Neutral Conductor Sizing & Calculations

Neutral Conductor in the Fault Current Path

The illustration above found on IAEI Magazine’s site show the neutral conductor in the fault current path when the main / system bonding jumper is installed in the service / system disconnect enclosure.

Neutral Conductor Size Requirements

The neutral conductor is not required to be larger than the largest (hot) phase conductor. There are situations where doing so should be considered. Specifically 4 wire wye connected systems consisting primarily of nonlinear loads.

When reducing the size of the neutral conductor it has to have sufficient ampacity for the maximum unbalanced load. Not every circuit has neutral load and there are several other permitted reductions. This will be discussed with the calculation section of this article.

There no longer is a requirement limiting the reduction to “two sizes down”. However, it can not be smaller than the grounding electrode conductor sized to table 250.66. This also applies to separately derived systems where the system bonding jumper is not located at the source.

This is because the neutral conductor is part of the fault current path. It has to be able to carry the fault current as well as the maximum unbalance. The minimum size is determined based on the circular mil area of the service or system conductors and/or equivalent area of parallel conductors.

In parallel installations both ungrounded (hot) and grounded (neutral) conductors must be at least size 1/0 AWG. The 1/0 AWG requirement does not apply to grounding conductors of parallel installations.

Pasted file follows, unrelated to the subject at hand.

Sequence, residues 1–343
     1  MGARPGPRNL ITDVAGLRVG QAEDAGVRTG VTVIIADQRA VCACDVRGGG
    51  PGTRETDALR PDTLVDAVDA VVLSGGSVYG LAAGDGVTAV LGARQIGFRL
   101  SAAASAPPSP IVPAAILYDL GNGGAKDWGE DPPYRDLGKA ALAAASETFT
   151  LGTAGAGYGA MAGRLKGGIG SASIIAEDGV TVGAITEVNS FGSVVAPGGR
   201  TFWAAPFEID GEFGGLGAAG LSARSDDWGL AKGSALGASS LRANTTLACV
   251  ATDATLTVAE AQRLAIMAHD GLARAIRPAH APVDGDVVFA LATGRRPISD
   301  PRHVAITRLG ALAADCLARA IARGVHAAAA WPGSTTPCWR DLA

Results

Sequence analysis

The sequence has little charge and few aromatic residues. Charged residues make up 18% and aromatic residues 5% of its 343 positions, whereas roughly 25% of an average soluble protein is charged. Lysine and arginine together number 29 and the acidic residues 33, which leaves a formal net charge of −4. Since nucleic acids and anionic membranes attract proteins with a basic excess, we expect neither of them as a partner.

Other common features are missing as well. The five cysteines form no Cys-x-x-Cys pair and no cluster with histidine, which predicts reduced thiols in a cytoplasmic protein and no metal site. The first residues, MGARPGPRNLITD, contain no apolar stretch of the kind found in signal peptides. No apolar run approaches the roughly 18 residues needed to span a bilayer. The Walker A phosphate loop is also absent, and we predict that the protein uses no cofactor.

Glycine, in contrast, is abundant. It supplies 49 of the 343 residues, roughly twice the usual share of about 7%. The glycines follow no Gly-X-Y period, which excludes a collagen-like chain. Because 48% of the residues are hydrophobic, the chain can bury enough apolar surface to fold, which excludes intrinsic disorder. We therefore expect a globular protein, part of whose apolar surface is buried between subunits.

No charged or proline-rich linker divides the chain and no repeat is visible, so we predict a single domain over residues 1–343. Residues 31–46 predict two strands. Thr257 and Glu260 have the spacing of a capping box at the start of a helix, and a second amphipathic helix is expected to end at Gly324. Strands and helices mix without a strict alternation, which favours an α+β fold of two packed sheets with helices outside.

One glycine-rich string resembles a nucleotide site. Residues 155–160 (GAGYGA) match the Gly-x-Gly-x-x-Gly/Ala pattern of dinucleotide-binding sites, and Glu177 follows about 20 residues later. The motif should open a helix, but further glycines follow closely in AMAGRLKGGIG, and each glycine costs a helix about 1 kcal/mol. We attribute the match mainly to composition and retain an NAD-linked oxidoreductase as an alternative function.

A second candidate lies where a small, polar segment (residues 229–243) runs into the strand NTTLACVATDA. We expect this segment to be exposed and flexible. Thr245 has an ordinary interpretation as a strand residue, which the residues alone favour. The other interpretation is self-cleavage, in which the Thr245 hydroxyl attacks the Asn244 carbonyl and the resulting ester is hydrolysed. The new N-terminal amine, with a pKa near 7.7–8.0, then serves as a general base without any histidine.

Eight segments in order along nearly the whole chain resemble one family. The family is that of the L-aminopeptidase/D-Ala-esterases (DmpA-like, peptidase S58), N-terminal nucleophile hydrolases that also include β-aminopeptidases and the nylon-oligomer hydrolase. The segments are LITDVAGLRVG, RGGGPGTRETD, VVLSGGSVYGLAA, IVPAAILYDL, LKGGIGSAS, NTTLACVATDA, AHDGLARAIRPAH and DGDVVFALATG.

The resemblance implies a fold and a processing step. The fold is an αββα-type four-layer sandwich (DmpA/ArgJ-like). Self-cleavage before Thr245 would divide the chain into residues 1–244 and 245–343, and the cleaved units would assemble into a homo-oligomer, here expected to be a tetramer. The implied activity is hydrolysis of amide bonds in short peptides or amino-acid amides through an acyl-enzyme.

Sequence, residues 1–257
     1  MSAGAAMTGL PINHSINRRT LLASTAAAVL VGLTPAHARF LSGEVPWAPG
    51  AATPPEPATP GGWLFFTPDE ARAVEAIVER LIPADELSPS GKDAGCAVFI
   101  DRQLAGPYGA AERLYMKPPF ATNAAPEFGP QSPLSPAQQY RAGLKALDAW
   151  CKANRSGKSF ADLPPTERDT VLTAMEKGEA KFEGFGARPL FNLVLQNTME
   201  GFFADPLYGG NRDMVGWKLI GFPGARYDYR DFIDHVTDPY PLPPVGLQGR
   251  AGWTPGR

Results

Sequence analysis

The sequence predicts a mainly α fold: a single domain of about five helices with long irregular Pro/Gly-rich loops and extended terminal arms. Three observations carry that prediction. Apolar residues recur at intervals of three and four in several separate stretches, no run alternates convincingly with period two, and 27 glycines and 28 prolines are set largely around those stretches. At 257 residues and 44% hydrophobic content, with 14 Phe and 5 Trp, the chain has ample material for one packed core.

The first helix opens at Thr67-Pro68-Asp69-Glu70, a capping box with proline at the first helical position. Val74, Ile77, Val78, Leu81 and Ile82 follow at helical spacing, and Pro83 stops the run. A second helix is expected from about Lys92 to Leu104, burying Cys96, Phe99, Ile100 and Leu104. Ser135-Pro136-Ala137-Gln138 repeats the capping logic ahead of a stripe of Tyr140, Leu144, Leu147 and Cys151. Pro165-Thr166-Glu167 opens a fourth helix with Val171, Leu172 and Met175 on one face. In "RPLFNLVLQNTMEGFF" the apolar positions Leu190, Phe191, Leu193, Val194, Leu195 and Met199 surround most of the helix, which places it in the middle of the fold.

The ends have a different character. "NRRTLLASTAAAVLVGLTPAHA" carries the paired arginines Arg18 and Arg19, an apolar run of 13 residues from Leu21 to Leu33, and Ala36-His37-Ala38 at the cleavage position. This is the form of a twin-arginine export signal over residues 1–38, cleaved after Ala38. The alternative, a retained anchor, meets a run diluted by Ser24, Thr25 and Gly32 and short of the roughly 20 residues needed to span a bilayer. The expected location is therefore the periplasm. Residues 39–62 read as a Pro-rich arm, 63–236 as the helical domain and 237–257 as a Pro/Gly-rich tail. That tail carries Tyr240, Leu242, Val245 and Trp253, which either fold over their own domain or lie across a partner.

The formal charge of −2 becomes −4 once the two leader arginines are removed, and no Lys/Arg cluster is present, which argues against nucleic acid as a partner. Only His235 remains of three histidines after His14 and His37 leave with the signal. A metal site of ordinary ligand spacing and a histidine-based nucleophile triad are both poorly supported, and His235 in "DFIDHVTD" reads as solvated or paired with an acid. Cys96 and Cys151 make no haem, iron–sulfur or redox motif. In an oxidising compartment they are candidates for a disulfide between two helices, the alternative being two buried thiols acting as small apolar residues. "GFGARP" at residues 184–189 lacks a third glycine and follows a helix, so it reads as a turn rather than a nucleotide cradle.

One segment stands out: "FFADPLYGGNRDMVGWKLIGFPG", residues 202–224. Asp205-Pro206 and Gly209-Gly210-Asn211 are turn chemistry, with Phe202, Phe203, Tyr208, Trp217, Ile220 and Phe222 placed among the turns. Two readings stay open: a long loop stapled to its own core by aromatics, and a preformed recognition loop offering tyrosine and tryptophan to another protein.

Neutral Conductor Calculations & Reductions

The neutral conductor’s load is the maximum calculated load between it and any ungrounded (hot) conductor. Line to line loads are not connected to the neutral conductor and therefore have no neutral load.

For dwelling unit feeders or services supplying cooking equipment and/or electric dryers. That portion of the load can be calculated at 70% of the load determined by tables 220.54 and 220.55. Even if you calculate the feeder/service demand using the optional method, you still use the standard method’s calculation for determining the load for neutral load purposes. This is shown in Annex D in example D2(a).

You are also permitted to calculate the neutral load in excess of 200 amps at 70%. The first 200 amps of neutral or unbalanced load is at 100%. So if you have a maximum unbalanced load of 400 amps. The first 200 amps will be taken at 100% and the next 200 amps with be at 70% totaling a calculated neutral load of 340 amps.

Prohibited Reductions for Wye-Connected Systems

No reduction can be applied to any portion of a 3 wire circuit consisting of 2 ungrounded (hot) conductors and the neutral conductor derived from a 4 wire wye connected system.

Lastly, no reduction is permitted to portions of the system supplying nonlinear loads.

This class covers neutral reductions for dwelling unit electric cooking equipment and dryers.

Dwelling Unit CalculationsTitle: Dwelling Unit Calculations
Course Code: AETDUC
PDU/CEU Hours: 4
Core: Theory & Calculations

Price: $25

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This class covers the reduction permitted in excess of 200 amperes.

Commercial CalculationsTitle: Commercial Calculations
Course Code: AETCC
PDU/CEU Hours: 4
Core: Theory & Calculations

Price: $25

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This class discusses when the neutral conductor is considered current carrying.

Conductor Sizing & Overcurrent ProtectionTitle: Conductor & Protection Sizing
Course Code: AETCSP
PDU/CEU Hours: 4
Core: Theory & Calculations

Price: $25

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